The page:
13.27 ) and confluent structure in 25. Scale bar: 1mm.
Rhapydionina liburnica (Stache, 1889) is the first Rhapydioninidae named, although it was understood as such much later by De Castro (1972) who showed that its endoskeleton is typically of alveolinid type. Distinction from other genera in the family resulted from works of several authors, taking into account mainly the early uncoiling of the A tests and the marked dimorphism between generations (A test, mainly cylindrical; B test, flabelliform: Fig. 10.1-7 ; see also Fleury, 2014, text-fig. 1). The older species described by Fleury, 2014 (R. gr. dercourti), show that these criteria are perfectly suitable for a genus following a special evolutionary trend, while faithfully respecting the same proportion in the endoskeleton between a large peripheral zone (with cloisonnettes) and a central endoskeleton of comparative small diameter. The same criteria, associated with bilaterally compressed A tests of Fanrhapydionina led Fleury (2016) to restrict the Rhapydionininae to these two genera, and distinguish the Cuvillierinellinae characterized by a narrow peripheral zone. This criterion is decisive: No taxon can be attributed to these genera without careful examination of transverse sections perpendicular to the axis of evolute chambers.
These genera are cited here because of the aspect of transversal sections through the uncoiled part, which appears promising: Primary and secondary chamberlets are well differentiated and the secondary ones are typically scattered in the central endoskeleton (see Fleury, 2018, text-fig. 2.19-23 and Fig. 10.3-5 ). Nevertheless, the BSC was never undoubtedly observed. It could be possibly present in a few sections of the initial involute stage (see Figs. 10.2 and 13.28 ), but the association of such a very short and tight spiral stage and the large peripheral zone makes this observation highly improbable. The confluent structure was never seen in the large number of sections of many rich populations observed from various localities from the Mediterranean area.
Accessorily, Fig. 10.12-16 shows a rather unusual apparent differential sensitivity to diagenesis of the test which seems to support the traditional distinction between exo- and endoskeleton.
Figure 10: Genera Rhapydionina and Fanrhapydionina.
1-7: Rhapydionina gr.
liburnica. 1-2: Equatorial and axial centered section of A tests; 3-5:
Transverse sections of the cylindrical evolute part (UUT); 6-7: B tests (6:
External aspect of the flat test; 7: Part of a transverse section through the
flat evolute part). 8-10: Fanrhapydionina
flabelliformis. 8-9: Equatorial and axial centered sections of A tests;
10: Transverse section of evolute part of a presumed A test. 11:
Rhapydionina model of a chamber from evolute cylindrical part of A
test (see legend). 12-16: Rhapydionina
liburnica, A tests. Color pictures showing the apparent differential
sensibility of the exo- and endoskeleton to diagenesis. 12: Centered equatorial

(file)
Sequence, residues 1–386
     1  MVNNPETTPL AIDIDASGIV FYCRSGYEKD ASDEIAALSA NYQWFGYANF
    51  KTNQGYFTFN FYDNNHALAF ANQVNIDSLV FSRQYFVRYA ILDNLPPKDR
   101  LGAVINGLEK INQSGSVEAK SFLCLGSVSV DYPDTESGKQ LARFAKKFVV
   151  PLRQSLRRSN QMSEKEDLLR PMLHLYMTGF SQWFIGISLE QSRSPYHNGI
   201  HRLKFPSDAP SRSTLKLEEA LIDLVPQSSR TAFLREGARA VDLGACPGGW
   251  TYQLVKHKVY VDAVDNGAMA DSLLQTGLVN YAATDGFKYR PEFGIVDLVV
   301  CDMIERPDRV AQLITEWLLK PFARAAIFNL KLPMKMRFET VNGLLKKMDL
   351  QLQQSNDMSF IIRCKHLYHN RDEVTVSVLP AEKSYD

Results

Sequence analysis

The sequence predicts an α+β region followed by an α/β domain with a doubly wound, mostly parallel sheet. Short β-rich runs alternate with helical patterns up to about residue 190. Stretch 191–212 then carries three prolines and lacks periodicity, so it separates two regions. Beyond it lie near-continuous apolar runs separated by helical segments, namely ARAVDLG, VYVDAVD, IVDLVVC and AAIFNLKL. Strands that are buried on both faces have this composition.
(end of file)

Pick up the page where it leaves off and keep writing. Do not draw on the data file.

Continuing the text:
section showing differentiation of a light-brown colored external layer (wall
and septa: exoskeleton) and grey internal partitions (cloisonnettes and central
endoskeleton), the last chamber being wholly grey. 13 and 15: Tangential and
transverse oblique sections of UUT showing again the exoskeleton (light-brown)
and the endoskeleton (grey) with rather sharp limits. 14: Transverse section
through a chamber of a cylindrical UUT, tangential to the septum of previous
chamber; internal part of wall and central endoskeleton pierced by scattered
secondary chamberlets appear grey; external layer of wall and septum (pierced by
openings) of previous chamber appear light-brown. 16: Centered axial section
showing an almost whole light-brown colored test. Scale bars 1-10: 1mm; 12-16:
5.10 - Genera Chubbina, Praechubbina, Raadshoovenia, Neomurciella and Twaraina from Central America
Chubbina Robinson, 1968, from the Campanian - Maastrichtian around the Gulf of Mexico was described with a correctly interpreted endoskeleton of the "Pseudedomia" globularis type (see Pseudochubbina globularis, §5.1), and a coiling mode "streptospiral in the early stages, becoming almost planispiral in the last whorls of the microspheric generation", which is called pseudoplanispiral in this work and seems to be the "brand mark" of a majority of the American Upper Cretaceous and Lower Cenozoic Rhapydioninidae branches: The Chubbininae Dilley, 1973, and Neomurciellinae Fleury & Fourcade, 1990. The various species of this genus are all characterized by a pseudoplanispiral coiling in adult A tests and also in the B tests before their large final uncoiled part (see Fleury & Fourcade, 1990, text-fig. 8.B). The proloculus diameters are given on Fig. 12 after the original description. The two species created by Robinson (1968) are still difficult to distinguish in detail, but their individual features are of little interest for our search: All sections show the characteristic triad of the primary chamberlets and BSC-SSC structure (Figs. 11.1-5 and 13.31-32 ). The diameters of the chamberlets given on Fig. 12 were measured on probable populations of the two species (EJF1 for C. jamaicensis Robinson, 1968; EJF33 for C. macgillavryi Robinson, 1968); they are not very different from the measures given by Robinson (1968), who did not distinguish the various types of chamberlets (40-55 µm for jamaicensis, 25-50 for macgillavryi). The confluent structure was never observed in several rich populations of the genus.